Despite a frenetic workload in the last few months, celebrated Jamaican composer Peter Ashbourne was looking forward to making a rare appearance in Toronto.
He was also elated to be sharing the stage with long-time friend and jazz vocalist, Karen Smith, at the recent Wolmer’s Alumni Association’s Toronto chapter’s annual fundraising event, dubbed “The Great Luncheon Concert”, in Brampton.
Ashbourne, who produced nearly 700 commercial jingles in three decades, was instrumental in Smith’s rise to stardom.
A graduate of the University of the West Indies and the Berklee College of Music, Ashbourne conducted the Jamaica 50 Orchestra at the Independence Gala’s main performance and the Royal Philharmonic Orchestra during its two night performance last September.
The British Orchestra’s program featured two of Ashbourne’s original compositions, “Jubilee” and “Ring Games”, which the European Union Chamber Orchestra commissioned during its 2004 Jamaican tour, and “Jamaika Folk”, which he penned at age 13.
He is also busy working on the production of a music theory book on Jamaican popular music styles and Jamaica’s first musical opera expected to open next summer.
Reggae Opera Mikey is based on the life of late Jamaican dub poet, Michael Smith, who was murdered at a political rally in Jamaica in August, 1983.
“This is something that has been on my plate for some time and my wife has been pushing me to get this project done,” said Ashbourne. “It’s an attempt at a fusion between the European classical discipline and the pop Jamaican music forms. It’s not an easy marriage.”
Adopted at age three, Ashbourne – who has never met his biological parents – entered Wolmer’s High School for Boys at age seven, started playing the violin at age eight and the piano at age nine.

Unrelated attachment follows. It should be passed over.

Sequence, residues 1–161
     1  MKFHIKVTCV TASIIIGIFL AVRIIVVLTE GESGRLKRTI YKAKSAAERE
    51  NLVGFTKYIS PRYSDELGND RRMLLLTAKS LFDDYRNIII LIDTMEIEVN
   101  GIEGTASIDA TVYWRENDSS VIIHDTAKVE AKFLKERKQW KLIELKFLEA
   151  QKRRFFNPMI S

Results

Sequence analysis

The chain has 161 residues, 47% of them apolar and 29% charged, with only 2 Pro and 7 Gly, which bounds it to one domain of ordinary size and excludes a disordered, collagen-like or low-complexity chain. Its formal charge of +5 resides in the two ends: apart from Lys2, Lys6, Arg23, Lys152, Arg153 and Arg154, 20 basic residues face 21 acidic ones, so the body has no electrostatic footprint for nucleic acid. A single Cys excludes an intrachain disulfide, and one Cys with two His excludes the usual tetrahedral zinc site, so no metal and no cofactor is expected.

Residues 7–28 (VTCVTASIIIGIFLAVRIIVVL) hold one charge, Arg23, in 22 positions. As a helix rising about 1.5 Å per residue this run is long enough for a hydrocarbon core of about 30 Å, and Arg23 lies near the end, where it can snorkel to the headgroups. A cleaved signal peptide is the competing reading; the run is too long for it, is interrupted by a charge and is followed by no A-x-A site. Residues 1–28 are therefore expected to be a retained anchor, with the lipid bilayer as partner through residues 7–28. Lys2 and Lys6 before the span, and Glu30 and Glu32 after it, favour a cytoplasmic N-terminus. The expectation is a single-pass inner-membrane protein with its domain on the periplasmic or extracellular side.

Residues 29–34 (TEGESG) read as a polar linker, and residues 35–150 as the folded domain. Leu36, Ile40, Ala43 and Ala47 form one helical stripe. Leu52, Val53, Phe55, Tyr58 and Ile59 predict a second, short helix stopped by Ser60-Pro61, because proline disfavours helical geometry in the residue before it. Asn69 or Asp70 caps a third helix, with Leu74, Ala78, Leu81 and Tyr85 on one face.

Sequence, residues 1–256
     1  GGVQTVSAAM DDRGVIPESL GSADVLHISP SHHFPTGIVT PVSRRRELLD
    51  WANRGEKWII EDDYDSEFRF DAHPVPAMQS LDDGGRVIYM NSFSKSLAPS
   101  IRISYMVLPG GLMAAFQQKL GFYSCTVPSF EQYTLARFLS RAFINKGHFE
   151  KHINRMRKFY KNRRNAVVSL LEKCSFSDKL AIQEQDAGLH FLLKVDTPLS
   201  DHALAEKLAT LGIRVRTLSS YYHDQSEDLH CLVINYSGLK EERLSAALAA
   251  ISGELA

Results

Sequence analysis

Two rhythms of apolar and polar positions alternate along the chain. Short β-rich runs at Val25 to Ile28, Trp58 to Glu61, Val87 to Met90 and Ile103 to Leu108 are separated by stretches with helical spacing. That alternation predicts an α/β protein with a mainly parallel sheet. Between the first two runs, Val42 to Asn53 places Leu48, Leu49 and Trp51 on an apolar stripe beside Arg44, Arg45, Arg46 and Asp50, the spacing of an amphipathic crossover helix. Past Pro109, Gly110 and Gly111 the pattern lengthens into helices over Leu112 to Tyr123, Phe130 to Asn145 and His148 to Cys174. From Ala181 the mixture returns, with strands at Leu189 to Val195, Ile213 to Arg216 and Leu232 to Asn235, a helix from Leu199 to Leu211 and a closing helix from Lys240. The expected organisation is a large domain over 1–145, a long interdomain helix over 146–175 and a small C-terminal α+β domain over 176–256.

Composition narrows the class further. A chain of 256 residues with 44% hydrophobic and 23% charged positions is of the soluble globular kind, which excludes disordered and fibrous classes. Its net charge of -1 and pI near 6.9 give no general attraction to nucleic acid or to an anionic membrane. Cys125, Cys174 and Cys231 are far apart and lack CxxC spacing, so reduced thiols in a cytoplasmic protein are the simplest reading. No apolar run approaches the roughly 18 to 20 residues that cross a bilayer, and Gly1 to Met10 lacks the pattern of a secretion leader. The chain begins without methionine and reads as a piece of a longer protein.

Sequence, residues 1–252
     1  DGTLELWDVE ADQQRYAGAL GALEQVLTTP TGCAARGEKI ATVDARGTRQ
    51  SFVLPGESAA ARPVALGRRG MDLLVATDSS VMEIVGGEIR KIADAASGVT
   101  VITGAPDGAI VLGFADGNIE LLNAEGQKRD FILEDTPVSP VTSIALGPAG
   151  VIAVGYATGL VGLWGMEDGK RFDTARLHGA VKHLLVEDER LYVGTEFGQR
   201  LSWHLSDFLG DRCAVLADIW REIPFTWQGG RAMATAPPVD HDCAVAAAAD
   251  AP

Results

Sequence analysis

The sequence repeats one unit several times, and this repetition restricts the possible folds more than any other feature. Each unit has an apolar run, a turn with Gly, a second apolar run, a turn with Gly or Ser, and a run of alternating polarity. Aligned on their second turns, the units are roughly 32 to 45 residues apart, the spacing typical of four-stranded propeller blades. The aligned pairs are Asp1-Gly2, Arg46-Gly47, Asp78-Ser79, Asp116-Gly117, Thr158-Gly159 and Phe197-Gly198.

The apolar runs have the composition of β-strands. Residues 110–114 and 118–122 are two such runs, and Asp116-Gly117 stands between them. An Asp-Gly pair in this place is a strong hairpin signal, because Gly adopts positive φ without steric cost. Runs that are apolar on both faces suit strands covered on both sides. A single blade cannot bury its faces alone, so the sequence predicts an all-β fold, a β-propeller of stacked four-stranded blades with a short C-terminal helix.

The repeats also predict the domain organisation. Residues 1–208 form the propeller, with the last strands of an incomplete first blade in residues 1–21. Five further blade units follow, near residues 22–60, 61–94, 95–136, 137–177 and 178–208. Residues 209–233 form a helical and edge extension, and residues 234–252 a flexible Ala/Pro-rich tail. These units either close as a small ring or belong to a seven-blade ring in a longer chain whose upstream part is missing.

His aunt, Joyce Ashbourne, was his musical influence.
“She was a music teacher who lived with us,” he said. “She realized that I had a good ear for music and directed me along that path. When I was about 15 years old, I decided I wanted to write music and I found out that I liked that very much.”
In addition to playing the violin and piano in both solo and ensemble capacities and writing, composing and producing, the multi-talented artist has been a studio musician and accompanist for several top Jamaican performers, including the late Bob Marley, Beres Hammond, Della Manley and Cynthia Schloss.
“I am comfortable in a number of genres which is unusual,” said Ashbourne, who is a faculty member at the Edna Manley College of the Visual and Performing Arts. “If I was based in North America, I would have had to specialize in order to survive. But in Jamaica where the range of skills is limited, I have benefitted.”
Married to Austrian-born music educator and composer Rosina Moder, who he met while she was on a concert tour to Jamaica in the 1980s, Ashbourne was the musical director for the International Cricket Council (ICC) World Cup opening ceremony in Jamaica in 2007 and Beres Hammond’s “A Moment in Time” show the same year.
The father of two and MUSIC Unites Jamaica Foundation director is the recipient of the 2004 Prime Minister’s Award for Excellence in Music and the Order of Distinction which was presented this year.